Moth ball poisoning in dogs can be a problem but knowing the symptoms and treatments can really be helpful to both of you. Dogs are known to eat anything they come across which include things that are not always good for them such as mothballs. This is poison for your dog and needs immediate action by you. Let's explore the results of the composition of mothballs a dog eating them.
Composition of mothballs
The composition of mothballs is a toxin called Naphthalene. This toxin is found in moth repellents and toilet bowl cleaners. Recently Naphthalene is being replaced by Paradichlorobenzene which is not quite as toxic but still capable of causing intestinal distress in your dog's stomach or neurological if ingested in large amounts. Keep in mind that both of these toxins can be ingested, inhaled or absorbed by the skin. There is a way of determining which chemical your mothballs are made of and that is by diluting three heaping tablespoons of salt in warm water until it is dissolved. Take your moth ball and place it in the water. If the moth ball floats it is made of Naphthalene and if it sinks it is made with Paradichlorobenzene.
If your dog has encounter mothballs you will know shortly after by the symptoms. If it is ingested it may take up to two hours to notice the symptoms. If your dog is continuously exposed to mothballs it may take up to several days. The symptoms of moth ball poisoning present such things as the smell of Naphthalene on their breath, vomiting, lethargic, diarrhea, and abdominal pain, loss of appetite, seizures, cerebral swelling and eventually coma. There are other complications that can arise from coming in contact with mothballs.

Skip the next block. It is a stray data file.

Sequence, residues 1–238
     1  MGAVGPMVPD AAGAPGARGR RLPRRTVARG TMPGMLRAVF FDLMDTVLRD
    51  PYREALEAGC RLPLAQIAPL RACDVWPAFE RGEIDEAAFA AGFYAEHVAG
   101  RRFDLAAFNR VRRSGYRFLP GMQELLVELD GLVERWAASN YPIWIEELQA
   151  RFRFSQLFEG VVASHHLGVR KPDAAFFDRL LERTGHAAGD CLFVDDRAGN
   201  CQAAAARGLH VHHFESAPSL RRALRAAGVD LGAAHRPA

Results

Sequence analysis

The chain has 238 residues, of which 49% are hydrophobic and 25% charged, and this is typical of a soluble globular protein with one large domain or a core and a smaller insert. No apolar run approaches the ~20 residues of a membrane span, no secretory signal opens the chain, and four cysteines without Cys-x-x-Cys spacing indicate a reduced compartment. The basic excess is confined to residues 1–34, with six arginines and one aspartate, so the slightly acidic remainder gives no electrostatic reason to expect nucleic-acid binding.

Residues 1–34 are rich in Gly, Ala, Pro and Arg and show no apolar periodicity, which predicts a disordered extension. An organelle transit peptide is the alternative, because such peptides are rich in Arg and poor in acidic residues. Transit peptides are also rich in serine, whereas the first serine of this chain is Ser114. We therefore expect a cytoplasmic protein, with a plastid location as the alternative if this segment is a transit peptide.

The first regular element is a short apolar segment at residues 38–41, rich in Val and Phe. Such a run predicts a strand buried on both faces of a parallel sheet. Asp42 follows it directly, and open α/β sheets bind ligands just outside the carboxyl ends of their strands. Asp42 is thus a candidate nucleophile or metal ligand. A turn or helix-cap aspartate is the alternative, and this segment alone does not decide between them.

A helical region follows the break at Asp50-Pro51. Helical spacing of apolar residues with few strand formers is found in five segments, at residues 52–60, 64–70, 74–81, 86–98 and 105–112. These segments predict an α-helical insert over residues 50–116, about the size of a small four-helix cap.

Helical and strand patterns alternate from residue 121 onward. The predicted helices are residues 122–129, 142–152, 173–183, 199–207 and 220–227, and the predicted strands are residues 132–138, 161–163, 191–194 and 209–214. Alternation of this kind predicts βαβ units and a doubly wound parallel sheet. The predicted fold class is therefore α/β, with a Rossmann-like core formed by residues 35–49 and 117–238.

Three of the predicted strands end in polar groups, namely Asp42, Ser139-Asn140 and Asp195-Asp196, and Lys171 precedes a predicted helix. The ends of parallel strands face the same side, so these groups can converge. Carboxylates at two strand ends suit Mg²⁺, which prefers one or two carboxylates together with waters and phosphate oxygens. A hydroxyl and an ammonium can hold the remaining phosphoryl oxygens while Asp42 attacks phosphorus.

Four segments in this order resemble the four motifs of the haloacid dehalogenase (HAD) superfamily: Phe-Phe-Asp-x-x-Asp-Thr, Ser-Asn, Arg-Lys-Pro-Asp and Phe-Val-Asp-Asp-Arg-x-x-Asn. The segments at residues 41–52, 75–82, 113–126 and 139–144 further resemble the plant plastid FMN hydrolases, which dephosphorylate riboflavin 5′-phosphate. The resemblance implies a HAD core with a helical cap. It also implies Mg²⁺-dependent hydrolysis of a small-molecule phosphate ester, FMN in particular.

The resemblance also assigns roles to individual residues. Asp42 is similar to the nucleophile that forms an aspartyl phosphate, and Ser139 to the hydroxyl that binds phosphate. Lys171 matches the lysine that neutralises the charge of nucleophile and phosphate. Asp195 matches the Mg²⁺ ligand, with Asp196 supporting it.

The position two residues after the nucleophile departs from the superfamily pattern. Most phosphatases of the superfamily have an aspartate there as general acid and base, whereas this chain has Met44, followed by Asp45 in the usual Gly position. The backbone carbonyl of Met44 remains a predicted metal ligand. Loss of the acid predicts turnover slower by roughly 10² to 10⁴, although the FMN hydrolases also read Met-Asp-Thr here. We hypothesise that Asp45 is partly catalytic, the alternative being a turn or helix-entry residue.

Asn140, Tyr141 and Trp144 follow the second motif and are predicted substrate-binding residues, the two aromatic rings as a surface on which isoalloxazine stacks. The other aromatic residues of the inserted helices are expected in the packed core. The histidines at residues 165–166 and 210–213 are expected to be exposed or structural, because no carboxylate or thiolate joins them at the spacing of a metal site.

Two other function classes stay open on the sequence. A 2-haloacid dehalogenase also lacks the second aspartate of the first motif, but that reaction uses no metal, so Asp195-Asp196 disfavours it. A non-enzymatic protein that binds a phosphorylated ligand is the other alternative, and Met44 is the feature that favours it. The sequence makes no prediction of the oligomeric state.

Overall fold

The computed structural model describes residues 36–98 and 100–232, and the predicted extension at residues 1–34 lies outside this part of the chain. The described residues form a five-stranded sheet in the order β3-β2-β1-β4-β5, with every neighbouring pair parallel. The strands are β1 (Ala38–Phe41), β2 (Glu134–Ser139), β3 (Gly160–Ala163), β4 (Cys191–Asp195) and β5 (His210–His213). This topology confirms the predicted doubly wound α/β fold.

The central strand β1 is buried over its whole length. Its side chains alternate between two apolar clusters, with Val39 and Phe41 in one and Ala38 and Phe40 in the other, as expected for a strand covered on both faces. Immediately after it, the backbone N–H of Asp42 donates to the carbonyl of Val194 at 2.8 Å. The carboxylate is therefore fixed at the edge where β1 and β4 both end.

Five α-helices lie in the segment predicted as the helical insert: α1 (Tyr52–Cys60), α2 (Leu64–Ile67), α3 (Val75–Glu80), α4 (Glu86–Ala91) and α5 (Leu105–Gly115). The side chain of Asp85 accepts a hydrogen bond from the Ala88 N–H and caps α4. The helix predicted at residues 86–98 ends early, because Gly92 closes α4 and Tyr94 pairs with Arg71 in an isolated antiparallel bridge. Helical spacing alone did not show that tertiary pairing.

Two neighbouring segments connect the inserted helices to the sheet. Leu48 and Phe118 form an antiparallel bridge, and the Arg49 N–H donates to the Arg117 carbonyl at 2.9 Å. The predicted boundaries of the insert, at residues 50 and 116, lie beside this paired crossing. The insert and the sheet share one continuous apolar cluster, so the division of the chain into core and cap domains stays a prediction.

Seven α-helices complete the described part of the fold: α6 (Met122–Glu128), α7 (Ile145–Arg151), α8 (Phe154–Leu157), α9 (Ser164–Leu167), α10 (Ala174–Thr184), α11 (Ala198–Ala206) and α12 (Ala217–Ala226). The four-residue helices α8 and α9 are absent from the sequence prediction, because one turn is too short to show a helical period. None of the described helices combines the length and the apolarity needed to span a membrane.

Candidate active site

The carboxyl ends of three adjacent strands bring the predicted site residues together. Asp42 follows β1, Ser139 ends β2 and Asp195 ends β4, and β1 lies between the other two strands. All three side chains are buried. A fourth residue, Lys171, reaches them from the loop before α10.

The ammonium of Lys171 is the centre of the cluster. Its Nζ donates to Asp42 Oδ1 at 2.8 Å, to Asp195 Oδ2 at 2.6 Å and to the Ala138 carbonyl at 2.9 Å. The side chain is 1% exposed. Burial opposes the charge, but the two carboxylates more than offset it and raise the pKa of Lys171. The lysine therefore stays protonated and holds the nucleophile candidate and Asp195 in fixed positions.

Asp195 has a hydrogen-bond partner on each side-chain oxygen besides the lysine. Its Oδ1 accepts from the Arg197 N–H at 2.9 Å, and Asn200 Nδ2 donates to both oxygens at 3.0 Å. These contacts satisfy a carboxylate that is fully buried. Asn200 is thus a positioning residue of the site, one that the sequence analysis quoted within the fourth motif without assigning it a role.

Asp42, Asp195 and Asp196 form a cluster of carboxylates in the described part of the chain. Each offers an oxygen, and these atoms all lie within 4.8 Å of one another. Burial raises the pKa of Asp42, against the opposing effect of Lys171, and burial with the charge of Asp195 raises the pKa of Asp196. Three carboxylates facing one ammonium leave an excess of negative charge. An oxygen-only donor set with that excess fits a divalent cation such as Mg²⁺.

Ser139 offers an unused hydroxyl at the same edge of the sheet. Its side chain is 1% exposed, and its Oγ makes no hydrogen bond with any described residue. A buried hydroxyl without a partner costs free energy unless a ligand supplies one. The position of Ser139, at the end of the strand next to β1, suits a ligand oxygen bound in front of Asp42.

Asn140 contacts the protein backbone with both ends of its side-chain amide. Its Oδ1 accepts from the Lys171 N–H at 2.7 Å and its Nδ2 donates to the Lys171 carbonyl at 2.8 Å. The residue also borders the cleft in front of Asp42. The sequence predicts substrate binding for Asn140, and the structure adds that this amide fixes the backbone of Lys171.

Your dog may develop Heinz anemia which can present symptoms as weakness and showing pale mucous membrane. Methemoglobinemia is another problem that arises from the poisoning of moth balls. The symptoms of this are the dog will present brown, blue colored gums. Dogs can also develop liver problems with signs of jaundice.
When your dog ingests mothballs it becomes a medical emergency and you must seek treatment at once. You need to get your dog to a vet so he can induce vomiting. This has to be done within 30 to 60 minutes after ingestion. Your vet will then administer charcoal which helps in the prevention of any other absorption of the toxic that is left in the dogs system. Your dog may need hospitalization as they can have problems with their breathing and could require oxygen.
As you can see mothball poisoning can be a very serious situation. The best means of avoiding this situation is by keeping moth balls away from your dog at all times. Your best and only course of action is to contact your veterinarian or a poison control center at once. The prognoses for this poisoning will depend on the length and quantity of mothballs that your dog has been exposed to and how quickly you react to it. Symptoms and treatments of mothball poisoning in dogs are critical and your reaction time is very important.